Meloxicam toxicity can be fatal so it’s important to get treatment immediately. The best way to manage the condition is to avoid exposure. Keep all bottles securely fastened and store them out of reach of your dog. Coordinate medication with other members of the household to ensure your dog isn’t getting several doses by accident. Keep human and dog medication separate so there is no confusion.

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    Meloxicam Poisoning Average Cost

    From 54 quotes ranging from $300 - $2,500

    Average Cost

    $750

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    Meloxicam Poisoning Questions and Advice from Veterinary Professionals

    Need pet health advice? Ask a vet

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    Dachshund

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    10 Years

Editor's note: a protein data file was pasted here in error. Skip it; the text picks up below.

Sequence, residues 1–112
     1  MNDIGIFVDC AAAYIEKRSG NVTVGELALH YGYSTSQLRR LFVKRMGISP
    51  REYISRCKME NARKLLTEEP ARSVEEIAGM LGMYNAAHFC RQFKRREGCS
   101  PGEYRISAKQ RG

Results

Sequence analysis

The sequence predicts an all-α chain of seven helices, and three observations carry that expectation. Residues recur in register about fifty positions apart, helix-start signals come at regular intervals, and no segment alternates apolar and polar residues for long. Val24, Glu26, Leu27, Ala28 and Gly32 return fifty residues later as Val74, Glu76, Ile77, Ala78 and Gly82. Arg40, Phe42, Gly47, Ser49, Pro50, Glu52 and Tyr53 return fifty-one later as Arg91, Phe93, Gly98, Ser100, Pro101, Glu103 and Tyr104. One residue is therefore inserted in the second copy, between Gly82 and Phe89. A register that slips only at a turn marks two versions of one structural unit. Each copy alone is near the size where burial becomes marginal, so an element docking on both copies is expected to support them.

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    How much meloxicam does it take to cause a dog to overdose. Dog weighs 23 pounds.

    Jan. 16, 2021

    Owner

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    Dr. Linda S. MVB MRCVS

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    16 Recommendations

    The dose we use is 0.1mg to 0.2 mg/kg. So, at the high end of the dose range this is about 2mg for your dog as either a tablet or in liquid form. There are different strengths of the liquid but the most common one is 1.5mg/ml, so you would give 0.75mls. Typically, we use the measuring syringe that comes with the liquid. Giving more than the recommended dose can cause toxicity.

    Feb. 10, 2021

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    Boxer mix

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    One Year

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    8 found helpful

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    Vomiting